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Trail Camera Survey | Take Inventory of Your Deer Herd This Winter

How to Run a Trail Camera Survey

By: Weston Schrank, BuckScore® Specialist and Biologist

The first of a long list of responsibilities for a deer and land manager is to find out what is going on the property. It’s been a long hunting season… some deer have been killed by hunters, others killed by predators. The cornerstone of your new property management plan, and next year’s harvest plan, is taking a census of which deer and how many there are on the property. The best way to do this is by running a post season trail camera survey.

Post Season Trail Camera Survey

Most surveys are preseason surveys in summer, to determine which bucks are on the hit list… but a post season survey can be far more important to a deer manager. Population number, health assessments, post season age structure, and post season sex ratio are all very important to take note of after deer season.

Winter, specifically late February and March, is the hardest time for deer. A trail camera survey allows you to see the status, size, and overall health of the deer herd before this stressful time. Deer population numbers can fluctuate in terms of how many deer you actually see on the property. Your property may get an influx of deer stacking into your bedding areas, south slopes, and disturbed woodlots if you have a decent amount of cover and ideal habitat. This can cause a lot more stress to the property than what your management plan and property is set up for. Trail camera survey results combined with post season scouting can reveal management projects that might be needed before late February and March. This information also allows you to make smarter decisions on doe harvest, food plots, and even predator management!

What You’ll Need

  • 300 – 500 lbs. of corn or more per 100 acres of property (depending on deer densities)
  • One trail camera per 100 acres of property
  • New batteries for your trail camera
  • 8 GB or larger SD card (check compatibility with camera)
  • Time, enough time to refill trail camera stations every 2-4 days (depending on deer densities)

Trail Camera Survey Instructions

When setting up a survey you need to stick to the correct format that was conducted in the original research in order to get accurate results. The correct setup calls for a trail camera for every 100 acres. However, each property calls for different numbers depending on how it hunts, topography, and its habitat diversity. For example, while one camera may seem to cover an entire 70-acre property, you can learn from observations that each side of the property is used by different deer, and more importantly bucks, the number a survey uses as an index to estimate doe numbers. Setting up a trail camera on each side of this 70-acre property will give the ability to observe and identify each individual deer using the property. As another example, a 150-acre property in will have the same number of cameras. The habitat on this farm isn’t as diverse, meaning the deer move more freely from one camera location to the other.

After deciding how many cameras you need, the location of the trail cameras is your next decision. Your ideal trail camera location would be an area that you can maximize deer encounters with. You will want an area that is relatively clean of brush, saplings, and tall grass, essentially anything that can set off the camera besides a deer. Set up the trail camera about chest high and facing north or south to keep the morning or afternoon sun from blinding your image. Place 50-100 lbs. of corn out about 10 yards from the camera.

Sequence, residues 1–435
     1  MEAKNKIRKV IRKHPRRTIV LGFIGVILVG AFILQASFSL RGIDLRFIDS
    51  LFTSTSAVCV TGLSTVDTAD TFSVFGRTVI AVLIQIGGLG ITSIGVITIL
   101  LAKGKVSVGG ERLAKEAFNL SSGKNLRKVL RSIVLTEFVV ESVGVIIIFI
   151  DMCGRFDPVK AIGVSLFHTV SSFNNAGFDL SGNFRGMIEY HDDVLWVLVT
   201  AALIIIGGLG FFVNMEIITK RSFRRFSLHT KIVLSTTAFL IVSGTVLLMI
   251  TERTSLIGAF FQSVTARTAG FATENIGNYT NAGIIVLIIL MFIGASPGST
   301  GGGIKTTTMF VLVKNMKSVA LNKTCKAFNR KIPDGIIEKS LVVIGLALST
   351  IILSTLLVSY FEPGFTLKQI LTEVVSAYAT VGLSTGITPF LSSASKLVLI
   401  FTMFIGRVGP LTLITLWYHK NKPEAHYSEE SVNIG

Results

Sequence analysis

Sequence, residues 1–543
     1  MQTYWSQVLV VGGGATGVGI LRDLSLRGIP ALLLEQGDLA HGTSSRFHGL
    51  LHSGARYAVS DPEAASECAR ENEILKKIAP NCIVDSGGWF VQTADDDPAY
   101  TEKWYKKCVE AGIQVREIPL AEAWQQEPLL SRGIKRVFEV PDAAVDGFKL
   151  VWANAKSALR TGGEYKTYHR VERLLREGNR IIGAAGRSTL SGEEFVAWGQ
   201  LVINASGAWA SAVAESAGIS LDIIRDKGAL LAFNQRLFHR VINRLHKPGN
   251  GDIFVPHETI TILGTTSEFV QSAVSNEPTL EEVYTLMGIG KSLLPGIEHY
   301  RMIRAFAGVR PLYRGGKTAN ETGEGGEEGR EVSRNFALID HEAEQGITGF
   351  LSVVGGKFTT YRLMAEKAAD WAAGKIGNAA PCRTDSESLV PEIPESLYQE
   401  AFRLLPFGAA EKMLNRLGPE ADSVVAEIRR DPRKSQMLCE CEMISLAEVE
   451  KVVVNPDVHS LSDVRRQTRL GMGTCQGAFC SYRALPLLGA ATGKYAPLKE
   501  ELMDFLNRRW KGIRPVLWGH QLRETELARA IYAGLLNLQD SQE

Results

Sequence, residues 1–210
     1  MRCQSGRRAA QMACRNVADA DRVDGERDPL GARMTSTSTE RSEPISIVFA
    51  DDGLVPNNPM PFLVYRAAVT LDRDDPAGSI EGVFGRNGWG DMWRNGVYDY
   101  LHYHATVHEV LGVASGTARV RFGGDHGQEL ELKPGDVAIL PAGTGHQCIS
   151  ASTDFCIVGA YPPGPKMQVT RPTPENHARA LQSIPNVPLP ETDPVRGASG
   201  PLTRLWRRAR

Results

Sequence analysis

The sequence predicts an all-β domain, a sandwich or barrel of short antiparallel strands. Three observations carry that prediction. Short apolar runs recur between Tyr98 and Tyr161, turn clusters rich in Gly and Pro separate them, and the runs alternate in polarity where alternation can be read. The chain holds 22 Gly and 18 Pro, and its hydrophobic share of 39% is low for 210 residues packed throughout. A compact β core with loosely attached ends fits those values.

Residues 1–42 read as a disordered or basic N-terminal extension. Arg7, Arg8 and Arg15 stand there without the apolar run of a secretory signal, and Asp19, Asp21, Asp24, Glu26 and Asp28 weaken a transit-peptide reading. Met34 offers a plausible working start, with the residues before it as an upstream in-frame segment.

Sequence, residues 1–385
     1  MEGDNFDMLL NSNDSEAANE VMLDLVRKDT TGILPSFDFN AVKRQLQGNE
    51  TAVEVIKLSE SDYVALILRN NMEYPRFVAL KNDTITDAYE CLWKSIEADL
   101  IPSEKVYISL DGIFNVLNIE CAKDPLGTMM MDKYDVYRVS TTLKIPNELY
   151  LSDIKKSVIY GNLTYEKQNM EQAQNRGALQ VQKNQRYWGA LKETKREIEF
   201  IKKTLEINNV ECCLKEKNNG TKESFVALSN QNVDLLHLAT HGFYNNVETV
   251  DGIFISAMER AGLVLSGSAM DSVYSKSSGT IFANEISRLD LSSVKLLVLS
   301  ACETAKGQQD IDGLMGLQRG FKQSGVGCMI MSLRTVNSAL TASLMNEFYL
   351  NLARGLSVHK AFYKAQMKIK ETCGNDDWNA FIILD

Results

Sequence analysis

After the area is cleaned up and corn is down, turn your attention to the proper trail camera settings. The most important aspect that is often messed up by hunters and landowners is the setting and duration of the survey. The correct settings are 1 photo burst with a 5-minute delay. Make sure you have fresh batteries and an empty formatted memory card and run the survey for 3 weeks or 21- 24 days. During this time, keep coming back to ensure there is always corn on the site.

Trail Camera Survey Results

Once the 3 weeks are up you will pull the cameras. By this time you might have already been finding sheds, or deer will be casting their antlers within a few short weeks. There is no reason to keep the corn and trail cameras running this late into the season.

You are now ready to start the most important part of the survey, calculating the deer population and making decisions based on the survey. While the calculations are relatively simple, making decisions based on the data can be a little more confusing.

Look out for another video coming out in the upcoming weeks on how to start calculating these trail camera survey results. We will walk you through how to identify bucks, estimate does and fawn numbers, score bucks on the hoof, and what results management decisions can be derived from. I will also be pairing these videos with off-season responsibilities and activities you can be doing now that can increase deer movement across your property for next year’s hunting season.

In the meantime, here are several blogs that you can check out to increase your knowledge of deer, deer management, and deer hunting!

Want to score bucks from trail camera photos? The BuckScore® program allows you to score a photo of a deer on your desktop or mobile in just minutes!

Images That Don’t Work When Scoring Deer with BuckScore®

Images That Don’t Work When Scoring Deer

Getting the perfect trail camera photo is hard enough. Add to it the pressure of trying to acquire a picture that would work to score with the BuckScore® program can feel next to impossible. This article’s aim is to clarify what pictures can be scored and what pictures cannot.